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Discussion Starter · #1 ·
So I have looked at a number of success stories in the forums related to using electrolytic cleansing to remove rust from gas tanks. This idea is highly attractive to me as I have a lightly rusted tank on my GL1100, and can better afford the no riding time (its winter in Colorado) needed to run an electrolytic cleaning setup than the time to physically clean the tank myself.

My question is, has anyone tried reversing their nodes and zinc plating the inside of the tank afterwards? It seems this would be far less likely to clog the screens or fuel intakes than a traditional sealant, and less likely to break down that Kream. More importantly, much like electrolytic cleaning, it would not require the removal of the tank!

The chemicals used in this process are far less dangerous than those needed for copper, nickel or brass plating. In fact, in theory, the chemicals could be used to neutralize each other when the process is done. In theory an appropriate ratio of muratic acid to lye should lead to a ph7 suspension of salt in water.

Some online data can found here... http://thisoldtractor.com/gtbender/zinc.htm
http://mgarestoration.blogspot.com/2012/03/diy-zinc-plating-of-small-parts.html

I haven't crunched the numbers yet, but it would see technically feasible...
 

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Discussion Starter · #3 ·
I was more thinking that if I use electrolytic methods to strip the rust...then I might be able to drain the first electrolyte (washing soda) based, pour in a second electrolyte (probably ammonium chloride/zinc chloride mix) electroplate the inside with zinc immediately without the normal muriatic acid bath. In theory, stripping the oxides with electrolysis should get the tank as clean as a normal acid etching would. The paper found here implies that electrical alkaline bath cleansing is a viable pretreatment step to zinc deposition. http://chem1.eng.wayne.edu/~yhuang/Papers/Book_Plating_ECHP.pdf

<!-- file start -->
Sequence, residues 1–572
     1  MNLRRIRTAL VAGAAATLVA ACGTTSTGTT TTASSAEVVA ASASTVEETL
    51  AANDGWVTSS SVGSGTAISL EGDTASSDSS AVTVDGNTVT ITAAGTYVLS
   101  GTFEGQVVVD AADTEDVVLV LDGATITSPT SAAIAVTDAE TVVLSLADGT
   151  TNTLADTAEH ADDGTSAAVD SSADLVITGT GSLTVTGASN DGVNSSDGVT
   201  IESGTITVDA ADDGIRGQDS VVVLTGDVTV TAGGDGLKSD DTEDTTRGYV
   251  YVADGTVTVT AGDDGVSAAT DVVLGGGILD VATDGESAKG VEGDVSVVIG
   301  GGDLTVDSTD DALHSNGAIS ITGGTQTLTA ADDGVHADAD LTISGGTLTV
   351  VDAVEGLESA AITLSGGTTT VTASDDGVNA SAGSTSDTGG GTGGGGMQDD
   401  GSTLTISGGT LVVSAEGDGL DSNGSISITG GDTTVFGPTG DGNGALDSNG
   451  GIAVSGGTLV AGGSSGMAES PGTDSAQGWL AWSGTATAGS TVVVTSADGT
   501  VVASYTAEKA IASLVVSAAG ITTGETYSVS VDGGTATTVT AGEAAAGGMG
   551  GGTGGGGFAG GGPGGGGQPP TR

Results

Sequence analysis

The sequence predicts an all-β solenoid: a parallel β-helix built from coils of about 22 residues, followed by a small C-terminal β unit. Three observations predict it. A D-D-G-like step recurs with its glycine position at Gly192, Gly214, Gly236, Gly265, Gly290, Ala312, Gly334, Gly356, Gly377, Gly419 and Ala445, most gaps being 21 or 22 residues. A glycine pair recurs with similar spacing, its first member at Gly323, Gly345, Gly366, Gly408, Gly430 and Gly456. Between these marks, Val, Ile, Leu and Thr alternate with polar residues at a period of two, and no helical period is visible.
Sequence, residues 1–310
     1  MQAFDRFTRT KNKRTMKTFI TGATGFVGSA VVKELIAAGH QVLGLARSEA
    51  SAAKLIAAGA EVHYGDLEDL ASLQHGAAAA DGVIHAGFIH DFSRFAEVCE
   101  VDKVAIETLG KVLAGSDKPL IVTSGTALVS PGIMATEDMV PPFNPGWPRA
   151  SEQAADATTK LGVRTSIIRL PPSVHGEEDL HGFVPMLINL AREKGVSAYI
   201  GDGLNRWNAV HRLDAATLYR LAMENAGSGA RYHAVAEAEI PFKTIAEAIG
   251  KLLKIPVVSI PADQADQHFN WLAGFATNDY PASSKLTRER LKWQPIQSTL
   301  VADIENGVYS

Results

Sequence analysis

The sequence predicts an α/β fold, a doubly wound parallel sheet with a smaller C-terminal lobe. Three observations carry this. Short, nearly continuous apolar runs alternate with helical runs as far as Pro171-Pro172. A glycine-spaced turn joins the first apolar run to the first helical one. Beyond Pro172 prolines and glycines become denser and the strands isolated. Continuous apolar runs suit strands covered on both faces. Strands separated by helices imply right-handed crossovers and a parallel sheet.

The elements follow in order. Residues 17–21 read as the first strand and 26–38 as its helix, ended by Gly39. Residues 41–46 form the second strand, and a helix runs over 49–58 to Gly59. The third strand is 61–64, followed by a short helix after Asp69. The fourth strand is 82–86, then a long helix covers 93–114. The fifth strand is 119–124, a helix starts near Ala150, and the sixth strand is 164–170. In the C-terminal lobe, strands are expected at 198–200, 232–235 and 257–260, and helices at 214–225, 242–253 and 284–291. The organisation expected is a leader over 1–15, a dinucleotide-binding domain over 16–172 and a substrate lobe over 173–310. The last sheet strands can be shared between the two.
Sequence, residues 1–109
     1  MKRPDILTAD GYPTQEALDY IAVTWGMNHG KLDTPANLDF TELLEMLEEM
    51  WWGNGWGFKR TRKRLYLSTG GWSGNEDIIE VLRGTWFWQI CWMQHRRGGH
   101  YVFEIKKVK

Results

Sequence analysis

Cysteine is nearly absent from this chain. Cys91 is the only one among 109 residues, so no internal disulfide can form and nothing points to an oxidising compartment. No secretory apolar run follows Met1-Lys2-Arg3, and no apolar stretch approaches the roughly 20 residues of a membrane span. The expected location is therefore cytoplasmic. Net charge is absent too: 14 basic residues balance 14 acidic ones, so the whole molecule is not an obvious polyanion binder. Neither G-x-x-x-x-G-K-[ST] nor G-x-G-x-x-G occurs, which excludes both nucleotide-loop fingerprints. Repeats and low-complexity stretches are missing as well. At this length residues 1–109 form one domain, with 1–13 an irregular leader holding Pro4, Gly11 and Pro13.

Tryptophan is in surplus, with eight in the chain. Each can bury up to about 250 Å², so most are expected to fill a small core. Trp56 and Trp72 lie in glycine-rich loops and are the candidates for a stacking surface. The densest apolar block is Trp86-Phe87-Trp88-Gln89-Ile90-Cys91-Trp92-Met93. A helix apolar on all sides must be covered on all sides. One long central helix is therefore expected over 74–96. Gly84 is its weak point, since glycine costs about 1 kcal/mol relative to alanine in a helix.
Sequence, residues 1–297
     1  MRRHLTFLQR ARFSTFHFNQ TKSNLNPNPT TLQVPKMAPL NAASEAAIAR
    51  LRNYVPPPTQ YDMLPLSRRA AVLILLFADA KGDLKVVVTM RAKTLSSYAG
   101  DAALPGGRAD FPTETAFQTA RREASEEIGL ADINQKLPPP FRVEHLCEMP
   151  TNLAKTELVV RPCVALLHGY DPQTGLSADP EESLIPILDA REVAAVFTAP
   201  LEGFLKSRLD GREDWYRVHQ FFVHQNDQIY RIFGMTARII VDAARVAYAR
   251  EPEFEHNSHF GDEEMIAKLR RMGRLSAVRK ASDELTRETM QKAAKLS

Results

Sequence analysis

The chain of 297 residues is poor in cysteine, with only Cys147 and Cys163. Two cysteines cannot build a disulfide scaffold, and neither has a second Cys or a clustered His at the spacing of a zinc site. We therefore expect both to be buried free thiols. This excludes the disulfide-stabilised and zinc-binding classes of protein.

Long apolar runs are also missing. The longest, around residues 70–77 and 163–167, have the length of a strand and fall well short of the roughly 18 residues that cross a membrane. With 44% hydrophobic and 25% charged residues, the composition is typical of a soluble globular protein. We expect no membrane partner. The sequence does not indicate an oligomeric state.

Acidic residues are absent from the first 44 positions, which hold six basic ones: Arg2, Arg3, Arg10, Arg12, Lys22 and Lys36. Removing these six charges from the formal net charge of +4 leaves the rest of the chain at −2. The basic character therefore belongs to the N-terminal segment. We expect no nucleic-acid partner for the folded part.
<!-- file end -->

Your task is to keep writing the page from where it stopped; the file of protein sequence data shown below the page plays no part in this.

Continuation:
The paper found here would seem to imply that a mix of sodium chloride[ZnCl (71 g L-1)], zinc chloride [KCl (207 g L-1) ] and boric acid [H3BO3*(35 g L-1)] , should form a somewhat acidic (pH 4) electrolyte whose effectiveness can be boosted with extracts from cassava and sugar cane (the sugars present complex to allow better metal chelation). The resultant solution should be low in toxicity and easy to titrate to a neutral pH for safe disposal. http://scialert.net/fulltext/?doi=ajaps.2012.314.326&org=12

I was really hoping that someone on the forums might have already taken a crack at this and be in a position to give feedback as to whether it worked for them.
 

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I think you'll need to chemically etch the metal for bonding.
Try it though.
At least we'll know.
 

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I plate a few things here and there (most often Copper)

I've not tried plating a tank, but (for me at least) I've always struggled to get zinc to plate into pinched seams, and fo some reason my approach seeme to leav a lot of "buff" residues (easy enough for plating a bit of hardware, you can buff the surface, a tank may leave this stuff as particulates to find later in a filter or carb..?).

There's some good reading on Zinc plating here ( http://offlogic.wordpress.com/2007/09/08/electroplating-with-zinc-for-under-10/ ) that may follow along what you're going with...

I used the 5V supply from a PC powersupply - lots of available current without cooking anything (gotta be a bit more gentle than how electrolisys rips-stuff apart. Zinc annodes from the Swamp Cooler section of Home Depot can do nicely, since "West Marine" is about the only marine shop up here ...
 

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Discussion Starter · #6 ·
Let me a do a bit more back of the envelope math. This forum has tested a lot of ideas before I had them (and made repairs easier for me). Least I can do is return the favor if this seems viable.
 
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